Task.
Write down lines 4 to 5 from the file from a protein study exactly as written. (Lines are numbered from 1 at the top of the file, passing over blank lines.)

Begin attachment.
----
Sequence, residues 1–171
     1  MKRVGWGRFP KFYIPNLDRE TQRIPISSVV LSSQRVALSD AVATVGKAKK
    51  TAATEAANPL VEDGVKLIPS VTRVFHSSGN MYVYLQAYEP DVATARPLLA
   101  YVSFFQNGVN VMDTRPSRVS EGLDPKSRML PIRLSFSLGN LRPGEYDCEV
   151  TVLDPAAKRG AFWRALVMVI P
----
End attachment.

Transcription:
   101  YVSFFQNGVN VMDTRPSRVS EGLDPKSRML PIRLSFSLGN LRPGEYDCEV
   151  TVLDPAAKRG AFWRALVMVI P